Measure out a full tile from your wall (or the edge of your surface for laying tiles on) to establish a straight, square line and a starting point for tiling.
Mark the area where you'll start tiling.
Once you've got your guideline ready, it's time to do a "dry lay" of your tiles to make sure you have your layout and the amount of tiles you need right. This helps plan and work out any cuts you should make before you start laying tiles.
Mix your tile adhesive following the manufacturer's instructions. An electric glue mixer may come in handy for larger jobs.
Once mixed, your adhesive should be about the same consistency as toothpaste.
Spread about one square metre of adhesive where you will start laying tiles. Starting along the straight line you've drawn is always a good idea.
For floor tiles use a 12mm notched trowel to spread adhesive. By using a notched trowel, the adhesive is applied leaving little tracks on the floor. Once the tiles are "bedded" into place these notches will flatten out to leave a bed of adhesive 6mm thick.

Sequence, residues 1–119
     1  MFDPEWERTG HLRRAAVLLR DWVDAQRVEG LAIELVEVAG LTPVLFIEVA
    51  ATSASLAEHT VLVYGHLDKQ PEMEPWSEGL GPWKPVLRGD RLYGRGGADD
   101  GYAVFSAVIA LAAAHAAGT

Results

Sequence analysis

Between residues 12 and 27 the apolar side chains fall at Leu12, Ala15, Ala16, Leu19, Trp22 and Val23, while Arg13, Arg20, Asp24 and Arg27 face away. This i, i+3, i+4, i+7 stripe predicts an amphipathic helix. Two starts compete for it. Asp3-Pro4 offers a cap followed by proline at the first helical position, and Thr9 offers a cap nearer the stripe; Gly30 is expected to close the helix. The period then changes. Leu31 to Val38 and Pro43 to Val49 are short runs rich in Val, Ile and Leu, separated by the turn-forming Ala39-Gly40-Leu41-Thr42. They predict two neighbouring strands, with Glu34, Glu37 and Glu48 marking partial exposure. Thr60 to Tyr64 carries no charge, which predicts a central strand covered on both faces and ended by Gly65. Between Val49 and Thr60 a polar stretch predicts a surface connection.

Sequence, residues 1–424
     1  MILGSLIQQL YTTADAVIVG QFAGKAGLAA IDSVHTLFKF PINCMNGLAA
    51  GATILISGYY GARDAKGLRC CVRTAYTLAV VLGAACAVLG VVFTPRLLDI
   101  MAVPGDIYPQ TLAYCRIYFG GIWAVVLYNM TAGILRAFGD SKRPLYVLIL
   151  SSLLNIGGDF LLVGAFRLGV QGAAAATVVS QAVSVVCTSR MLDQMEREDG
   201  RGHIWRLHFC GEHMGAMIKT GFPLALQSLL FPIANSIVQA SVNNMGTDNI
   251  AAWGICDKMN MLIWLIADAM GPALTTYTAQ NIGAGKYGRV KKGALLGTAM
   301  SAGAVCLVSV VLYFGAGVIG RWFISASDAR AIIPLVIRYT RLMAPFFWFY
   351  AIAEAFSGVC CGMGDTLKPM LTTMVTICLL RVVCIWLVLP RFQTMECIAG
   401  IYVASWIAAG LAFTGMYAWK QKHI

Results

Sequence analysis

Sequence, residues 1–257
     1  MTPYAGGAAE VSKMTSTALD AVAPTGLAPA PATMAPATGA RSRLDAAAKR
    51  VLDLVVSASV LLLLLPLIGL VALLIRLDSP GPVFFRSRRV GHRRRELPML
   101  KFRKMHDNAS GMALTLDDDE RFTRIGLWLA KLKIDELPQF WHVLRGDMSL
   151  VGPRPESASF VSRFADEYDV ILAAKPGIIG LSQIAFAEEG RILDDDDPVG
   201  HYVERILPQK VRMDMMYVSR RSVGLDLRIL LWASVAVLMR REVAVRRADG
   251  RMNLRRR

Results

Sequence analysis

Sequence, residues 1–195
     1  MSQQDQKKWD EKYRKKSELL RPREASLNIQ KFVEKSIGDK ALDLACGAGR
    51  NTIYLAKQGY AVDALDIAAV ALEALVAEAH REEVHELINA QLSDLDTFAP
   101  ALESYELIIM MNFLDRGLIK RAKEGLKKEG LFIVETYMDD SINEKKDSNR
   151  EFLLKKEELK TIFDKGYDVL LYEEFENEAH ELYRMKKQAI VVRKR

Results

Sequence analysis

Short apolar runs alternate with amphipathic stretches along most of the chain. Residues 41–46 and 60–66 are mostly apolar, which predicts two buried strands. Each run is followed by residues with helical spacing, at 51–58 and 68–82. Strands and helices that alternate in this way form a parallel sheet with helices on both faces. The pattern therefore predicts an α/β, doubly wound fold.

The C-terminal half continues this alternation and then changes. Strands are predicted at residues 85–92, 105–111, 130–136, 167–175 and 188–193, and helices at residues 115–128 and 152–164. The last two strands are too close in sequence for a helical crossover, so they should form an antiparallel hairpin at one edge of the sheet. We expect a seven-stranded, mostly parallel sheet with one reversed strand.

Place each tile in position with a firm push and bed it into place with a slight up and down wiggle across the notches of the adhesive.
Every now and then, lift a tile to check that it has complete coverage of the adhesive.
As you lay the tiles, use spacers to set the grout joints and to make small adjustments to the tile placement. This keeps all grout joints level and even.
Using a tile leveling system - good ones also double as grout spacers - will make getting a professional finish much easier. Position at the corner of each tile, and screw down the caps. This will give you a more professional finish.
Clean off any excess glue as you go, using a damp sponge.
Once the tiles are laid and the glue is dry, knock out the caps. It is important to knock them out in the same direction of the grout line.
You may see some excess glue residue between the grout lines. Don't forget to keep tidy as you work and ensure that the space between tiles is free for grout.
The next step will be grouting your tiles. Read our next guide to learn more.